Master Teacher Guest Blog Series
Part 5: Learning Is Social
Post 3 of 3
Welcome to the final installment of the Master Teacher guest blog series. What an informative and inspiring collection of posts we have published in just a few short months! If you are new to series, please look back at earlier posts from Master Teachers who make their teaching All about the Kids, who use data to Measure Progress, who see opportunity in setback and Fail Forward, and who grow professionally when they Reflect Honestly.
This last part of the series focuses on how Learning Is Social. This is true for students and equally true for teachers. The teaching profession can easily isolate us within the four walls of our classroom, but great teachers recognize the value of collaboration and seek out ways to break through the isolation. Today, Cassandra Joss offers her suggestions for teachers looking to take on more leadership roles, while at the same time remaining in the classroom. Enjoy!
In education, “moving up” the ranks is very different than the most other professions. Teachers go into education to inspire and help children. However, a “promotion” often takes teachers away from the daily, meaningful relationships with students and the actual teaching; the two things I enjoy most about my job. I have known from the beginning of my career that being a principal or working in the administration office is not for me, yet I wanted more out of my job. How was I supposed to fulfill the desire to be a leader in my profession, and still continue to teach at the same time?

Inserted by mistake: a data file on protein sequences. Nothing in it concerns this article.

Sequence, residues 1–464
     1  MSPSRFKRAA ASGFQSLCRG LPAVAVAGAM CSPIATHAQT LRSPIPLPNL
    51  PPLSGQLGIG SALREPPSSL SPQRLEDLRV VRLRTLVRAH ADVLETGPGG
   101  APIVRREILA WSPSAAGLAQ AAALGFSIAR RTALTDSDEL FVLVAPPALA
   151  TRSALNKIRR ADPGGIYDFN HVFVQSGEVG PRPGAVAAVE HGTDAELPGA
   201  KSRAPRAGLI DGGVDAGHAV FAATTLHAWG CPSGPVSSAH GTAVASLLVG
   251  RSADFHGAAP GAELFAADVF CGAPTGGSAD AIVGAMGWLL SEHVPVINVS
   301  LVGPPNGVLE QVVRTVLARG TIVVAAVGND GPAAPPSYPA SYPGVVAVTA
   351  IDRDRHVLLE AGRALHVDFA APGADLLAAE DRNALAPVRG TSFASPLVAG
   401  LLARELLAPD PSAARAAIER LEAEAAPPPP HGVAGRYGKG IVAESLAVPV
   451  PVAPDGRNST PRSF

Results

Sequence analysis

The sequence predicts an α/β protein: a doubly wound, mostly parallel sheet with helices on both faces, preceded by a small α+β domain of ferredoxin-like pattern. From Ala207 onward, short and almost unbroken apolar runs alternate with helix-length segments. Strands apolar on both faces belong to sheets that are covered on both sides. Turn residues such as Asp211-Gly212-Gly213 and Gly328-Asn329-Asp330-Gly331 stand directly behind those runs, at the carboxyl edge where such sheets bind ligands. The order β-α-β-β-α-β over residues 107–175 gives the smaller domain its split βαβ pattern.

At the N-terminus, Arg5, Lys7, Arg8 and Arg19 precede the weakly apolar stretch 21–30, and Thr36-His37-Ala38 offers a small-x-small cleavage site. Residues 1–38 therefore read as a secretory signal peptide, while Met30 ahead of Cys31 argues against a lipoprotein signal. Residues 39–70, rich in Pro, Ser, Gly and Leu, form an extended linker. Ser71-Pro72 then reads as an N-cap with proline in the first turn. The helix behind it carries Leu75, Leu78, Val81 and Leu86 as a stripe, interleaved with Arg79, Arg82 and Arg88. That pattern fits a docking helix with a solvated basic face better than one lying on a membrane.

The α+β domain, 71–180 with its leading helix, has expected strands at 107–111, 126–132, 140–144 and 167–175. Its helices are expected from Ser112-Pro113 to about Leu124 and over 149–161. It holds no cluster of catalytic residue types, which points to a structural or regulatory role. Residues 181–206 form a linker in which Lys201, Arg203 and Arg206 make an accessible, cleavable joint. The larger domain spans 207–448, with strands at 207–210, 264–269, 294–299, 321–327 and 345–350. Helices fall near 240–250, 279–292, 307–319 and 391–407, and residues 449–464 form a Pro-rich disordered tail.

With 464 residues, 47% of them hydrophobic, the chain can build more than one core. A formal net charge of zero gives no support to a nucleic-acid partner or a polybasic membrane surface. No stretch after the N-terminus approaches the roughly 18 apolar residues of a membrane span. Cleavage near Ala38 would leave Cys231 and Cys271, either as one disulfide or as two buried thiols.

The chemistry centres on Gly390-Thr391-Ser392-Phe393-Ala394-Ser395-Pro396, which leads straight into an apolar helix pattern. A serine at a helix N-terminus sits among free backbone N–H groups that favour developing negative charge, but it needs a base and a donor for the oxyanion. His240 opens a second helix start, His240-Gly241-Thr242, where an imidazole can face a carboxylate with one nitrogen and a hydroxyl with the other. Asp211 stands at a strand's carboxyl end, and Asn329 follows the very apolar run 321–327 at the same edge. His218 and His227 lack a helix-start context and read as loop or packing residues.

In 2013, I received the direction I needed. I was chosen as an NEA BetterLesson Master Teacher. This set me on a path to fulfill the growth and leadership I was looking for. As a Master Teacher, I was able to build relationships with educators from around the country. The people I was meeting had all sorts of great skill sets, experiences, and stories. During my time as a Master Teacher, two things occurred to me. If I wanted leadership opportunities, I was going to have put myself in them, nobody was going to come to my classroom and do it for me. The second realization was that I needed to surround myself with positive, like-minded people.
I began actively seeking more opportunities to grow as an educator, and contribute to my profession. Working on leadership projects outside of my classroom “fills my bucket”, yet still allows me to enjoy my first love of teaching. Here are a few suggestions for teachers looking to expand their opportunities and grow professionally:
- When you receive an educational newsletter, read it from top to bottom and look for opportunities that are of interest to you. I learned that these opportunities are very often posted, but not many people read the publication or follow through on making a contact.
- When you go to conferences and workshops, walk right up and introduce yourself to the people you admire or find interesting. I have made a lot of inspiring and lasting connections this way.
- Sign up to present at a conference on a subject area you are strong in. While there, use the opportunity to make professional connections.
Once I began actively seeking out leadership roles, they started coming. My favorite quote to live by is, “If you are the smartest person in the room, you are in the wrong room.” The minute I start to get comfortable or complacent is a sign that I need to push myself. It’s time to exit that room, or change up the people in it. It can be very easy to become isolated and confined within the four walls of a classroom. Teaching doesn’t easily lend itself to professional networking.
As mentioned previously, throughout my travels I have been blessed to meet some inspiring people in my profession. When I surround myself with people who are also passionate about teaching and being leaders in the profession, really great stuff happens! I have made some incredible friendships. Surrounding myself around others who are positive and driven pushes me to work harder. Keeping away from negative people, who resist change has been critical to my leadership journey.
It is possible to be a leader in our profession and still be a classroom teacher. It is amazing how one opportunity leads to another and another. Start small, and get the snowball rolling. We need to keep the best teachers in a classroom for the sake of our students!